A new study has revealed that people who work in construction or agriculture may have cognitive issues.

Formaldehyde (a pungent-smelling, colorless gas) is used commonly as an industrial germicide, disinfectant and fungicide.

The University of Montpellier in France led a team of scientists that found that those exposed to the gas had lower cognitive scores than those who did not breathe in potentially harmful fumes.

This study involved 75,322 French citizens with an average of 25 years old. 6,026 participants were trained with formaldehyde. 

After several cognitive tests, it was found that those exposed to formaldehyde at work had an average risk of developing memory and thinking difficulties of 17 percent. 

They were nurses, caregivers and medical technicians.

Following several cognitive tests, researchers found people who were exposed to formaldehyde on the job had, on average, a 17 percent higher risk of having thinking and memory problems compared to those who were not exposed

After several cognitive tests, it was found that those exposed to formaldehyde at work had an average risk of developing memory and thinking difficulties by 17 percent.

Noemie Letellier (Ph.D.), from the University of Montpellier, France said that formaldehyde exposure has been associated with certain types of cancers. Furthermore, our findings suggest that low levels of formaldehyde may also be linked to lower cognitive function. 

“People working with formaldehyde might want to be aware of the dangers and may consider taking precautions. Businesses may look into ways they can reduce their exposure. 

To begin the research, participants were first organized into three equal groups according to their years of exposure to formaldehyde.

Medium was between 7 and 21 years old, high was 22 to more years. 

The study was conducted among 75,322 people in France with an average age of 25 and 6,026 of the participants worked with formaldehyde. Their occupations included nurses, caregivers, medical technicians, workers in the textile, chemistry and metal industries, carpenters and cleaners

It was done among 75,322 participants in France. The average age of these people was 25. Formaldehyde exposure occurred for 6,026. These people were all nurses, caregivers or medical techniecs. They also worked in the textile, metal, and chemistry industries as well as carpenters, cleaners, and other related occupations.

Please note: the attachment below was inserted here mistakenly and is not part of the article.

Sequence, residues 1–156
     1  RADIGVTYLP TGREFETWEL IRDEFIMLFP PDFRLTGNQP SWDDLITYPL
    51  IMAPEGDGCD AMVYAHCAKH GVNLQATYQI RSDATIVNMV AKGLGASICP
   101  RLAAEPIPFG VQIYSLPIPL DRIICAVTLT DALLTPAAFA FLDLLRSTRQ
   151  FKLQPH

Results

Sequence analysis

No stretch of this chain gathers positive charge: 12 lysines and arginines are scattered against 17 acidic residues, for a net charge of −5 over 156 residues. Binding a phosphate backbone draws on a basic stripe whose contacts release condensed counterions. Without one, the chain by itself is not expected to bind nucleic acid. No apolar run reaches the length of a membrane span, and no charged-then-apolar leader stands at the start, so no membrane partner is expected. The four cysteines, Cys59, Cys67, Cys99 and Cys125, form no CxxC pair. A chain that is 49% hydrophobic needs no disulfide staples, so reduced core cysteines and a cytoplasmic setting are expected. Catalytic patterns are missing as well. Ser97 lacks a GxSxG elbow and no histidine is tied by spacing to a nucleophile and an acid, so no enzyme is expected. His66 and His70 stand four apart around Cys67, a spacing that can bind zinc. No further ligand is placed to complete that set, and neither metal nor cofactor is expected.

The participants were divided into 3 groups based upon their cumulative exposure. This is the amount of formaldehyde that a person has been exposed to in their entire lifetime, judging by the frequency, intensity, and probability of their exposure.

The researches used seven cognitive tests involving word recall, memory, attention, reasoning and other thinking skills, to assess each domain and to come up with a global cognitive score.

And those exposed to formaldehyde had a 17 percent risk of issues with every type of cognitive function the researchers tested.

One of the tests, for example, asked participants to match symbols to numbers according to a key located on the top of the page, and it had a maximum possible score of 135.

An average score for the group not exposed was 66, while that of formaldehyde-exposed group had a score of just 63.

Formaldehyde exposure for more than 22 years was associated with a 21% higher chance of cognitive impairment in the long-term than those who had never been exposed. 

The risk of cognitive impairment for workers exposed to the most formaldehyde was 19% higher than that of those not exposed.

Letellier explained that formaldehyde usage has been declining over the years. However, our findings show that many people continue to work in areas where they are exposed and could be susceptible to cognitive impairment.